First things first - we lost a great critic and a great human being yesterday, and not to put such a dramatic spin on the whole thing, but the world is a lesser place without him in it. Now, on with what I thought/think of this great man. I consider Roger Ebert to be one of the best, and one of my favourite film critics of all-time. When I used to watch Siskel & Ebert back in my younger days, I usually agreed with Gene more often, but almost no one could match Roger for his romantic poeticism toward cinema (possibly only Pauline Kael and Manny Farber). His reviews, both on the show and in the Chicago Sun-Times, led me to many wonderful films I may never have known about back in those pre-internet days, and his highly influential criticism and style of writing, helped to make this youthful cinephile and once-budding film critic, fall even more in love with the movies than I already had been.
I never met Roger in person, but we had conversed on several occasions through social media, and his wonderful spirit, his unbridled enthusiasm and his endless passion for film and media and culture, and his general optimistic outlook toward life - even while battling cancer - were, and are, a great boon to anyone who came across him, and he will be sorely missed. Before sitting down to write this brief look at one of my critical writing idols, I rewatched some of the shows Roger and Gene did back in the day, mostly from the early days of the show in the late 1970's through the mid 1980's (At the Movies first aired in 1986, but Gene and Roger had already made a buzz on PBS's Sneak Previews, beginning in 1975), and it brought back veritable floods of nostalgic feelings. Like I was living my youth all over again. Yes, Roger will be missed, and missed by many people, but luckily, we have a lifetime's worth of critical writing, all filled with a genuine love of the cinema, to keep our hearts and minds warm at night. Goodbye Roger, you will be missed.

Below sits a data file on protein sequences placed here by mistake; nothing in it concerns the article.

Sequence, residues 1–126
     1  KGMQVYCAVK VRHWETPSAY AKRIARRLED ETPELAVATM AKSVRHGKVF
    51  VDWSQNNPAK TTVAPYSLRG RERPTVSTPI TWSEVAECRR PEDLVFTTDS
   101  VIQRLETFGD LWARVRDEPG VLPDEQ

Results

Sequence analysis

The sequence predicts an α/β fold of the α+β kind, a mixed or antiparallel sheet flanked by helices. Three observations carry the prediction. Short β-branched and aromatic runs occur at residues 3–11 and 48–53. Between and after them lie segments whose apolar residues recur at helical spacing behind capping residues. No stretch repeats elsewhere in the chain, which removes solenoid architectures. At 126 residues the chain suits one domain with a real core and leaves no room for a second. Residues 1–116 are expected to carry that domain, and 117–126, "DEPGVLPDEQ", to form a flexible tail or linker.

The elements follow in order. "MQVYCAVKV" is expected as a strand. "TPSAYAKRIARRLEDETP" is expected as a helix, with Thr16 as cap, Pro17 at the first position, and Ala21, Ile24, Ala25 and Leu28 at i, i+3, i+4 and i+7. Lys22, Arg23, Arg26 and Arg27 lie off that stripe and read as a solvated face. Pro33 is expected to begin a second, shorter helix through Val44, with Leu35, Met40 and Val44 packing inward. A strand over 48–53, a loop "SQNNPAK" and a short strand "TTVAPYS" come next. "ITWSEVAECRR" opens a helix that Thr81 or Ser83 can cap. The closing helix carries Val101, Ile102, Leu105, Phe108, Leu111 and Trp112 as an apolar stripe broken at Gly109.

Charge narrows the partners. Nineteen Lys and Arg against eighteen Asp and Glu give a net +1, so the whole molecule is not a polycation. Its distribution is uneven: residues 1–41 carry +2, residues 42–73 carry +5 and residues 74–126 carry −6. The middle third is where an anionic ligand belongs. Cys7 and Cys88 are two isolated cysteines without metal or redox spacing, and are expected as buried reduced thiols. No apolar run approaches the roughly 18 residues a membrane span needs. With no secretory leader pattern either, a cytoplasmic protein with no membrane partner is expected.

I would like to close with a cartoon that was published in Roger's so-called rival newspaper, The Chicago Tribune yesterday. Not to go all cliché on you, and talk about how a picture is worth a thousand words and all, but it does kind of say it all - and much more eloquently than I ever could. Again, goodbye Roger.